Clubs Australia Industrial (CAI) applied to vary the Registered and Licenced Clubs Award 2010 (the Clubs Award) as part of the public holidays common issue being dealt with under the 4 yearly review to modify:
The Full Bench agreed to insert the CAI claim clarifying that an employee working on Christmas Day, when it falls on a weekend and is not prescribed as a public holiday under the NES, is to be paid an additional loading of 50 per cent of their applicable ordinary hourly rate for the hours worked on that day and will also be entitled to the benefit of a substitute day.
The Full Bench decided that in circumstances where Christmas Day falls on a weekend and the public holiday is moved to a weekday as a result of the operation of State and Territory public holiday laws (a substitute day), that it was not appropriate that an additional penalty beyond the public holiday penalty already applying be paid.
The Full Bench rejected the deletion of clause 34.3 on the basis that it was not appropriate or necessary to ensure that the Clubs Award, together with the NES, provides a fair and relevant minimum safety net of terms and conditions.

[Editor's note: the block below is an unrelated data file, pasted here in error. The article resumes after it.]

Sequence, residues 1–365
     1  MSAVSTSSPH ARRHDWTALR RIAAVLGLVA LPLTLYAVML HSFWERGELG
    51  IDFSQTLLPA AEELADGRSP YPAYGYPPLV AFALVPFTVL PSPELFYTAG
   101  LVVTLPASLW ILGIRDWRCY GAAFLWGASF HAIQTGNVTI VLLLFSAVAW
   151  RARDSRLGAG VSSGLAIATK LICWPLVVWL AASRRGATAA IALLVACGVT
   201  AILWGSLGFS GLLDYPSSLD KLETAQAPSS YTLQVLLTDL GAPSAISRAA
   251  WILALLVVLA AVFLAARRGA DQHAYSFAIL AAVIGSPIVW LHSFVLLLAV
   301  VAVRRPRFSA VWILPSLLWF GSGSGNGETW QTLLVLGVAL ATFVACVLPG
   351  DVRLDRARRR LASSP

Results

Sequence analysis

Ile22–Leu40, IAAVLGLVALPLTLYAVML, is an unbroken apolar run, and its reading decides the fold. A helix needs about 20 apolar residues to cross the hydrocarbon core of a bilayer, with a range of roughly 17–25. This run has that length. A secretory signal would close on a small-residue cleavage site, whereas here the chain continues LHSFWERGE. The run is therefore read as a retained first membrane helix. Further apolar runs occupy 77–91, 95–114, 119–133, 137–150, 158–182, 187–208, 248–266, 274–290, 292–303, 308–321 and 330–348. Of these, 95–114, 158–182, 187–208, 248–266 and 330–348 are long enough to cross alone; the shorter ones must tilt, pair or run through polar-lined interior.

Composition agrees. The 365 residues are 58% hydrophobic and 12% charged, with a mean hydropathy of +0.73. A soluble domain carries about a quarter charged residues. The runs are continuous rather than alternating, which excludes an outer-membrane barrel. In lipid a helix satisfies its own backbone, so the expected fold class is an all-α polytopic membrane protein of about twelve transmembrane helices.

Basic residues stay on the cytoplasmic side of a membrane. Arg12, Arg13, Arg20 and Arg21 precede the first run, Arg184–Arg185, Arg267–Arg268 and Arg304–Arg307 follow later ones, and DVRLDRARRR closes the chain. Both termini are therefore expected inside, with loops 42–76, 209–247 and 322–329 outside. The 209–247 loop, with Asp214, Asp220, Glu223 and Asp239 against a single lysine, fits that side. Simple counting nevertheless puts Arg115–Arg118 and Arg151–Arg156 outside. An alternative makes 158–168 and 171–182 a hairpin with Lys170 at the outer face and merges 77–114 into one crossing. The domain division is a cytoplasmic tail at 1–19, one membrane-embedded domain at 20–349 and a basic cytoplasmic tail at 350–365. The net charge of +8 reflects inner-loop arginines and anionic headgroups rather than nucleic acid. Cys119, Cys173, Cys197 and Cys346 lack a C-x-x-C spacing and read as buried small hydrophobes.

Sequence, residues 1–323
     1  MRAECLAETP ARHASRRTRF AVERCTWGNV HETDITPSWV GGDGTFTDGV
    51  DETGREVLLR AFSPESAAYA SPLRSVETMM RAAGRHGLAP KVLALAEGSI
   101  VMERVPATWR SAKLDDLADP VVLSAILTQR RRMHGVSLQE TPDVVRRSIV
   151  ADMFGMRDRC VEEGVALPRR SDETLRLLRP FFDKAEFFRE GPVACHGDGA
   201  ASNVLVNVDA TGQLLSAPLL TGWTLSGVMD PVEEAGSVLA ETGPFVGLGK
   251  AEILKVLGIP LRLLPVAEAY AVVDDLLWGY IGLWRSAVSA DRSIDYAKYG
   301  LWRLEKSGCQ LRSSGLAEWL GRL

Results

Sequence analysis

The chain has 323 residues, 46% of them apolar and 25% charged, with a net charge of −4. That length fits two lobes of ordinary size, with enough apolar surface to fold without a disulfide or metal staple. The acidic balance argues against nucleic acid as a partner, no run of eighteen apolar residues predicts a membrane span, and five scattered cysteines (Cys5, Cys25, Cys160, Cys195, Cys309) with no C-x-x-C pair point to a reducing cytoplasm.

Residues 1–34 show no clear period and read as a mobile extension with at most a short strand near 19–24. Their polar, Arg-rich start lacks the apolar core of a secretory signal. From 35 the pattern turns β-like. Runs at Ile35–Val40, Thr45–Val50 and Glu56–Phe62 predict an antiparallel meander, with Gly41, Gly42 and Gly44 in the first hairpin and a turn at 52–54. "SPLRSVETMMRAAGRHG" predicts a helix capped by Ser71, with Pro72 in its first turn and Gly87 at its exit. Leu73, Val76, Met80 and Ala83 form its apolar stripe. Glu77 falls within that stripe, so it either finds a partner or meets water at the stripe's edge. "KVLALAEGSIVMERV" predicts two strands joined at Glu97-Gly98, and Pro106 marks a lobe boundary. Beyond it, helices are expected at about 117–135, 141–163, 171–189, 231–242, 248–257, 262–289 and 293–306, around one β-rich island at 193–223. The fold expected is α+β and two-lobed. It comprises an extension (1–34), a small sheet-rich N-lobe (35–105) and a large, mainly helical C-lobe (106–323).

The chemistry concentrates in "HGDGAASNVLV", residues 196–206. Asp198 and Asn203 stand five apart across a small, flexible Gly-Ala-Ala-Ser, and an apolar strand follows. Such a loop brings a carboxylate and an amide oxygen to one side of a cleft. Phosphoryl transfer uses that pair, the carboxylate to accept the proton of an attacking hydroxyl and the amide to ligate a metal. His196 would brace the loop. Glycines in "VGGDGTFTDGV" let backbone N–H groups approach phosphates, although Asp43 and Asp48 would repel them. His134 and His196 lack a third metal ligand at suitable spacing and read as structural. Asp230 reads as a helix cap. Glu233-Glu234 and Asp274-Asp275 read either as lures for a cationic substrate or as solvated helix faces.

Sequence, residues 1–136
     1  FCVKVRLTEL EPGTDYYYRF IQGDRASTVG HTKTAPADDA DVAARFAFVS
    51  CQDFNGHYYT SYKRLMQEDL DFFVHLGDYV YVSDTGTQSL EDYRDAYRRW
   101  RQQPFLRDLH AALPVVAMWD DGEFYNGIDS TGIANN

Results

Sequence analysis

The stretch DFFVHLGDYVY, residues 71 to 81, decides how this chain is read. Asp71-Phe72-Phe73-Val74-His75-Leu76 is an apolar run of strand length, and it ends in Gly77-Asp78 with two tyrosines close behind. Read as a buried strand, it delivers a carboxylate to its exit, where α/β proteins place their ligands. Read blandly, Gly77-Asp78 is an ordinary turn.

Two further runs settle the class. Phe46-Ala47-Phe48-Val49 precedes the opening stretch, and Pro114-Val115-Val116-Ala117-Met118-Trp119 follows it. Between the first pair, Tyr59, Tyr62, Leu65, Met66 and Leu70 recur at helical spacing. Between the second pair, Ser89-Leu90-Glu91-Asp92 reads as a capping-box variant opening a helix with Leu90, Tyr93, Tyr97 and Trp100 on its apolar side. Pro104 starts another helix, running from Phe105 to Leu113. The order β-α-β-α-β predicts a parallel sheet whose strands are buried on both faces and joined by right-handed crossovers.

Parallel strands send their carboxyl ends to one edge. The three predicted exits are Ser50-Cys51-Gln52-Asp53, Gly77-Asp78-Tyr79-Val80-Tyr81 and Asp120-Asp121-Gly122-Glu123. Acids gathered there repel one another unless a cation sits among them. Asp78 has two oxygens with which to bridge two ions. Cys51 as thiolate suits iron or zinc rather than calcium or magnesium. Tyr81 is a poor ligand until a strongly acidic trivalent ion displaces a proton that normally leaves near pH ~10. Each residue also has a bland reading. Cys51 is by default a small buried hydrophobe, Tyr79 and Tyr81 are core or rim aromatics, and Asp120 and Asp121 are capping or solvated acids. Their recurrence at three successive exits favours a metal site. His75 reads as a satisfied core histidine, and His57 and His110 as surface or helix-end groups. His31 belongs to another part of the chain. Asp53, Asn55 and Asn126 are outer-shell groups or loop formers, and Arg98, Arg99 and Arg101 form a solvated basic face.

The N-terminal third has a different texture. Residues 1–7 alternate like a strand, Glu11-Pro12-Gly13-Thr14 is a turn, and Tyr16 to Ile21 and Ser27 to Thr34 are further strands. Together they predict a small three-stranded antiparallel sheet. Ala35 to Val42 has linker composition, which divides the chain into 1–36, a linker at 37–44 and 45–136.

The Full Bench found that clause 34.3 was a supplementary term of the NES under s.55(4)(b) of the Fair Work Act and that the RDO system in the clause was an important component to ensure that the integrity of the hours of work arrangements were maintained. The Full Bench noted that similar RDO provisions were not uncommon in modern awards where RDOs apply and that similar RDO provisions applied in most of the pre-modern awards and NAPSAs.